We peered down into the dark slimy depths… 

Loopy wrinkled his nose.  “I’ll whiz the van round whilst you take the reading.”

“Go on then,” I said.  And pulled the overalls on, yet again.

Reading taken, I sprang back up the stepirons desperate for fresh air.  Stuck my head out, took a couple of lungsful, then heard it – something rushing at me from behind… 

Bloody Luke in the van!

Thank God for quick reactions.  If I hadn’t ducked instantly, the bumper bar, like a guillotine, would have taken my head off.

Needless to say, upon emerging from that manhole I kicked somebody’s arse all around the bramble patch! 


Health & Safety practices were perhaps rather lax back then!  “Luke” was not my colleague’s real name, of course.


SUNDAY 10/12/72

Washed and waxed the Vitesse, then over to Prestatyn to see Grandad.  Still rather strange and sad to find him alone, a widower now.  But, apart from a touch of deafness, the old soldier was in fine fettle, his blue eyes sharp as ever.

A nice tea (salmon salad followed by peaches and cream), then we settled in front of the fire for a good chat.  Grandad is my favourite storyteller, compelling in a modest, gentlemanly way.  Often those blue eyes would wander to an old, framed photograph on the wall, a picture of Grandma in the New Forest, circa 1935.  And his voice would falter, just for a moment.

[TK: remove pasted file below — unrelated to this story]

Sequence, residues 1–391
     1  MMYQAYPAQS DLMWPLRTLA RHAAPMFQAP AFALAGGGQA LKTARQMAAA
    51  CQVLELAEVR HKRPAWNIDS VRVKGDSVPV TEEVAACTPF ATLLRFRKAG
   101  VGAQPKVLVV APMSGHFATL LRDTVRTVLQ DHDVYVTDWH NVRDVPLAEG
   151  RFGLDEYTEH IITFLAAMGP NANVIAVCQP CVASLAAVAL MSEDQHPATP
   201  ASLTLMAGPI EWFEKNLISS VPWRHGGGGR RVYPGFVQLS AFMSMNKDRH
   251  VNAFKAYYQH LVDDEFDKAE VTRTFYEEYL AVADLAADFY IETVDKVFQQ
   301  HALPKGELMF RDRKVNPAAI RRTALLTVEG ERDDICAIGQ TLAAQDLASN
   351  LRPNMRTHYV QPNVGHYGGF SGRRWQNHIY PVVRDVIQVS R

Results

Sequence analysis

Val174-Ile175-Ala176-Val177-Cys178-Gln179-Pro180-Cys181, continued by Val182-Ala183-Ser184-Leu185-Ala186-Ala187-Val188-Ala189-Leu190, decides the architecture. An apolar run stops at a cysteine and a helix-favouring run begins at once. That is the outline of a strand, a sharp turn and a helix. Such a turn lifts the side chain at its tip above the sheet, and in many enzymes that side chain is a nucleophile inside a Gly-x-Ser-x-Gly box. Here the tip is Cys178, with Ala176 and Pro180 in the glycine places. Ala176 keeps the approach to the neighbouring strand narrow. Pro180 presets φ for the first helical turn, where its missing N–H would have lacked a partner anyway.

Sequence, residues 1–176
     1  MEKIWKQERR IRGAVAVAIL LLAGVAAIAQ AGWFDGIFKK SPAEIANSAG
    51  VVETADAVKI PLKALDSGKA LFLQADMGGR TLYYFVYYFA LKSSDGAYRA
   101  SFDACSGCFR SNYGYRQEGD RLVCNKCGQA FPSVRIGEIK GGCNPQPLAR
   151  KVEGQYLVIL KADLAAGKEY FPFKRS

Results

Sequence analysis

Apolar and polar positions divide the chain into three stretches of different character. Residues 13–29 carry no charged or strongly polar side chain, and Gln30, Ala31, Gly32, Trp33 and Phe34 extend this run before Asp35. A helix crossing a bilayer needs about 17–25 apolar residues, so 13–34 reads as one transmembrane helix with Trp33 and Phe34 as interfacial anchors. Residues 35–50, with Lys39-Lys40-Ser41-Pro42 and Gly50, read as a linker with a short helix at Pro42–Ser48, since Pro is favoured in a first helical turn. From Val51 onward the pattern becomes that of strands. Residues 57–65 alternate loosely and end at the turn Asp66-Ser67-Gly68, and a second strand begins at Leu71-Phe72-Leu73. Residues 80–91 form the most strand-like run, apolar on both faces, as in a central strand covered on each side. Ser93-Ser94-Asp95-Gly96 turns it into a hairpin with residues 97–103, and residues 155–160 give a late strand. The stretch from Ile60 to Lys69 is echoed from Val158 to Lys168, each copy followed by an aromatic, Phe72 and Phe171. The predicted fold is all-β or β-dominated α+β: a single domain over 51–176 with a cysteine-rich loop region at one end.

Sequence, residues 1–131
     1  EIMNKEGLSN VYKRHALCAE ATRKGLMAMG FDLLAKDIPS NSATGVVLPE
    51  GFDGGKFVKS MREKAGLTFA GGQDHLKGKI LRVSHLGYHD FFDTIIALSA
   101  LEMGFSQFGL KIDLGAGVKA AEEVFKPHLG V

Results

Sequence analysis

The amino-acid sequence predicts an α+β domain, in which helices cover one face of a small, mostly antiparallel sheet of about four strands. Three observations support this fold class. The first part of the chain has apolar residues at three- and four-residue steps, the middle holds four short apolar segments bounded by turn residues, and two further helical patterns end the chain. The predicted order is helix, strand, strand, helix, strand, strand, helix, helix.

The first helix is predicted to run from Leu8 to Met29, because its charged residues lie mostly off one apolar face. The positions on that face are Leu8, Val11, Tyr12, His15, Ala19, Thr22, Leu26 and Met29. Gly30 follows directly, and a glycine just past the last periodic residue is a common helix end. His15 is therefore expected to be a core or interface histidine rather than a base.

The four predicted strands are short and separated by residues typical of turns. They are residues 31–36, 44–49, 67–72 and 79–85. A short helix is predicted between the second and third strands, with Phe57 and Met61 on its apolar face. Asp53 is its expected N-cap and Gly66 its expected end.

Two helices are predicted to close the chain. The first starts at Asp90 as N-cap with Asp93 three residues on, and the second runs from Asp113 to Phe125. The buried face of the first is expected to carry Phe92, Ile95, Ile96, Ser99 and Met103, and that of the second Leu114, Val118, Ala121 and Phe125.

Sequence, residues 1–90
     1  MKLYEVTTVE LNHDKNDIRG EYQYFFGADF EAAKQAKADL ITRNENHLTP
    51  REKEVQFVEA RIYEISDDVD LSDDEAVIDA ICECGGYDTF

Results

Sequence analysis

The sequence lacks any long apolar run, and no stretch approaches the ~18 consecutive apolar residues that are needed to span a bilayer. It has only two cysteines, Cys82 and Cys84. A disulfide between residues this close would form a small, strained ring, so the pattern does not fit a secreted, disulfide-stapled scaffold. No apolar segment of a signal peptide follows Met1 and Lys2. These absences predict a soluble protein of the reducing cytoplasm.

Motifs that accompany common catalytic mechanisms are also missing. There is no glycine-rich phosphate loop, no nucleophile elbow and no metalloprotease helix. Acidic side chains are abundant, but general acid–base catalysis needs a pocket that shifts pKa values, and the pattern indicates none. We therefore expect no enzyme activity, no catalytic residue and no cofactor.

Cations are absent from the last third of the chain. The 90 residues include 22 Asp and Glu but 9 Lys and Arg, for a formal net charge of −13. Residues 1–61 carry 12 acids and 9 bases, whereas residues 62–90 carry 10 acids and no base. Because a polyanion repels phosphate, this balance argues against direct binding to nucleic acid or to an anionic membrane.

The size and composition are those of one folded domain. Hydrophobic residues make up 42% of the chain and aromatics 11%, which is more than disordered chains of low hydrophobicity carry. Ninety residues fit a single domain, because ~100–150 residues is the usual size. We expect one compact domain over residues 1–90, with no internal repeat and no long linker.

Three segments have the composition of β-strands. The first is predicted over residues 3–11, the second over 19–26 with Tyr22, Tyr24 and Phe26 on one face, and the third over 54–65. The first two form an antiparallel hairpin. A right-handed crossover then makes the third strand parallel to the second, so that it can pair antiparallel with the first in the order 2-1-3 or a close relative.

Unnoticed, the room dimmed until Grandad was visible only in silhouette against the glowing fire – a grave profile, Roman nose, military ‘tash.  A proud profile.  We left him whistling quietly to himself.  

That photograph of Grandma now hangs on my study wall.


Copyright © Paul Beech 2013

From → Diary

  1. Angela permalink

    These are great.

    The grandad story brought a tear to my eye. I can picture him exactly as you say with grandma’s picture nearby, sitting in that arm chair, elbows on the wings and hands clasped high up in front of his chest….maybe waiting for the next episode of Dixon of Dock Green.

  2. Thanks, Angela. I enjoyed putting the post together, especially the bit about Grandad. His stories always held me rapt – those from the Great War, such as the one about meeting his brother Ellis in France (“Off you pop”), and those from his days as a policeman, such as the tale of the truncated truncheon! Of course, Grandad was also a brilliant self-taught violinist, and those musical evenings with his family (including Sooty the cat!) must have been quite something…

    Love Paul x